Rob Hamilton, the executive director of Veterans Place, told lawmakers that it has taken 18 months to get all the approvals needed for eight additional living spaces for individuals with unique disabilities or gender identities that aren’t served by their current housing.

“That’s insane,” he said. “In 18 hours they could die. We’ve had overdose deaths here… People are literally dying to get into these rooms.”

Oliver Morrison / 90.5 WESA

Timothy Martin (second from the right), the chief veterans affairs officer in Allegheny County, testified to state lawmakers Tuesday about what can be done to reduce veteran homelessness.

Hamilton and others cited a number of everyday challenges facing veterans and those who serve them.

Pension programs have income requirements that are too strict, while a housing voucher available to veterans provides a maximum of $700 a month — not enough for more than substandard housing, often located in areas where they might be tempted to become involved in drug abuse.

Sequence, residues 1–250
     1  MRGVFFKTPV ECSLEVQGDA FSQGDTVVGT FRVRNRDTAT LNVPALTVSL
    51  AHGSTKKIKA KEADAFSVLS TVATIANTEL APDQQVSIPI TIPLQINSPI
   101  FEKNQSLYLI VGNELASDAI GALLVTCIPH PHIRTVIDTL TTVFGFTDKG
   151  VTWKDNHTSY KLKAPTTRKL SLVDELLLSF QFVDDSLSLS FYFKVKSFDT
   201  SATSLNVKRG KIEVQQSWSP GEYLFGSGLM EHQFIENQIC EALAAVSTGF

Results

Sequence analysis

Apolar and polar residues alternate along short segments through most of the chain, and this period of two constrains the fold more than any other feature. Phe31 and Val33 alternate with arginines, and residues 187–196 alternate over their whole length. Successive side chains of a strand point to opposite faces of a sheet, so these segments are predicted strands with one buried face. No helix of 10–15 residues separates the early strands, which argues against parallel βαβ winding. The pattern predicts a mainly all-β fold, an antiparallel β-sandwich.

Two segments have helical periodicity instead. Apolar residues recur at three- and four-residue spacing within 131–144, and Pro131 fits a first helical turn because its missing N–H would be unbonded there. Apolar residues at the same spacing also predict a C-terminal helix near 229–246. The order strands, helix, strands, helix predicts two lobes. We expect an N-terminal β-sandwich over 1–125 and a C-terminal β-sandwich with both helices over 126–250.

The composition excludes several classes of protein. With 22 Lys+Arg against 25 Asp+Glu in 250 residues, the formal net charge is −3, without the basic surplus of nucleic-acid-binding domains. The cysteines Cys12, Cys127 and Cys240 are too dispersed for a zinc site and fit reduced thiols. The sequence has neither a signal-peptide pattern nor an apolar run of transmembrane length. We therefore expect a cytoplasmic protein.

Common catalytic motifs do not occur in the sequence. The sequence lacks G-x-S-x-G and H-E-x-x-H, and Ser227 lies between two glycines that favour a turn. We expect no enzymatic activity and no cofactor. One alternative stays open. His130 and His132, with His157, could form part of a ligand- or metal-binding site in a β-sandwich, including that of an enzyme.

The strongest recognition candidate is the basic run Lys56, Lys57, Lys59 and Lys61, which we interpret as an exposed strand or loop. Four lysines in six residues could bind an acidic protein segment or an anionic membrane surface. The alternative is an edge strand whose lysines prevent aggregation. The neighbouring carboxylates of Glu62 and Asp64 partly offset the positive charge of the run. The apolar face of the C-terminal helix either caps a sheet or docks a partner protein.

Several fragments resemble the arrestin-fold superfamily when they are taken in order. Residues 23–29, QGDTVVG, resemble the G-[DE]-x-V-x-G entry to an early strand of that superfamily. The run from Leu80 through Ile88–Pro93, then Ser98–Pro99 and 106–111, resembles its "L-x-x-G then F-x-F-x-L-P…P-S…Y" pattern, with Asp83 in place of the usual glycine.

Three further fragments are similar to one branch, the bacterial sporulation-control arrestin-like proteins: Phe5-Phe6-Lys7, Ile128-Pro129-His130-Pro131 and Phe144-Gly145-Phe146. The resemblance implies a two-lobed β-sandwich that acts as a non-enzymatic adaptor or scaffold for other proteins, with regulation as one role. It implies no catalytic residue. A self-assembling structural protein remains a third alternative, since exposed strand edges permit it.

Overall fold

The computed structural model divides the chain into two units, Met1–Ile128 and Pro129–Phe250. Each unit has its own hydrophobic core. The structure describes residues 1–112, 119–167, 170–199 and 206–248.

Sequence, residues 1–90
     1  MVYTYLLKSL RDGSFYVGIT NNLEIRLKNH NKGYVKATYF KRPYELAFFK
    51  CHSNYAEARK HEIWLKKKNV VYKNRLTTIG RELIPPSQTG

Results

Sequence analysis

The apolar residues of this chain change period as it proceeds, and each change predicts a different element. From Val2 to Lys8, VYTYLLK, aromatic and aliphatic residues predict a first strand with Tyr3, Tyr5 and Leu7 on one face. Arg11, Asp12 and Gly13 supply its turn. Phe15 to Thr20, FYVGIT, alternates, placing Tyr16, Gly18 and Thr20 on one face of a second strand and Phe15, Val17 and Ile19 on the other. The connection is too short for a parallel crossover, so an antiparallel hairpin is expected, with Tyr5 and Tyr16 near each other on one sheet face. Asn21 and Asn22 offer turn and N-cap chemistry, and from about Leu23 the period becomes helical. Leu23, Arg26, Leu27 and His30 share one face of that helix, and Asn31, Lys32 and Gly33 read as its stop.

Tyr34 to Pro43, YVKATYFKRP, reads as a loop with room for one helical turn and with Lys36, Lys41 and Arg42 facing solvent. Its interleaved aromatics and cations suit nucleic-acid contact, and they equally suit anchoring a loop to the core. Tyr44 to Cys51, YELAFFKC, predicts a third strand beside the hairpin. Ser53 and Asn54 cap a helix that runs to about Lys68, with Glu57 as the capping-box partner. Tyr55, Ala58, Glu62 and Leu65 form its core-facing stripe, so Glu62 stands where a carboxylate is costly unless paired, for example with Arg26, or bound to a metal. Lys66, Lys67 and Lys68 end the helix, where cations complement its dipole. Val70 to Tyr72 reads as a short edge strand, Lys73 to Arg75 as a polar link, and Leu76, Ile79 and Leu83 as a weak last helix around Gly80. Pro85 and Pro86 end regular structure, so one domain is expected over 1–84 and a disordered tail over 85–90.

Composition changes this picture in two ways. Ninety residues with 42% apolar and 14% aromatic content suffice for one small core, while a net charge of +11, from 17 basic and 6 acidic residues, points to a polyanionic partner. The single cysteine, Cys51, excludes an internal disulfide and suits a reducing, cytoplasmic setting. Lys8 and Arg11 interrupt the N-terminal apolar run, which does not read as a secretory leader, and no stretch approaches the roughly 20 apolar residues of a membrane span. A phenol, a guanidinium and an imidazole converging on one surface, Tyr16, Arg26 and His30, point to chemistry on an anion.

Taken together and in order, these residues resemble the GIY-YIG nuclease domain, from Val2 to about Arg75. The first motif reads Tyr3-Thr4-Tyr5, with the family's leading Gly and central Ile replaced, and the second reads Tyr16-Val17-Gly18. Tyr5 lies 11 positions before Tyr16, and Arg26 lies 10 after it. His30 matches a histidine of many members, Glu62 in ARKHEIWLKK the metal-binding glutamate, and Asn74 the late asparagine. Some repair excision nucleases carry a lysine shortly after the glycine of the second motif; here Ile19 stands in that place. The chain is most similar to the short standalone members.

For any veterans who served before 2001, it can take up to a year to receive the paperwork they need to receive their benefits. And it takes many months for veterans to find psychologists or therapists — a problem is particularly acute in rural areas with few options.

But participants said they had seen improvements. A new statewide portal, PA VETConnect, is making it easier to veterans to find resources. And a special COVID aid program increased the amount residential facilities receive from around $60 per day to $160 per day for each veteran they house. Hamilton urged lawmakers to get in touch with federal leaders to keep the rate at $100 per day.

Speakers also hailed “veterans courts” that help direct veterans facing criminal charges into alternative sentencing programs. Such programs operate in 25 Pennsylvania counties: Maureen Weigl, the state’s Deputy Adjunct General for Veteran Affairs, says it should be expanded to 50.

Weigl also said the federal government should notify states when a new veteran moves in.

“Unfortunately I can’t tell you where all our veterans are,” she said. “We don’t have as great a database as we should.”

‘It’s part of a community’
Such cooperation can make a huge difference.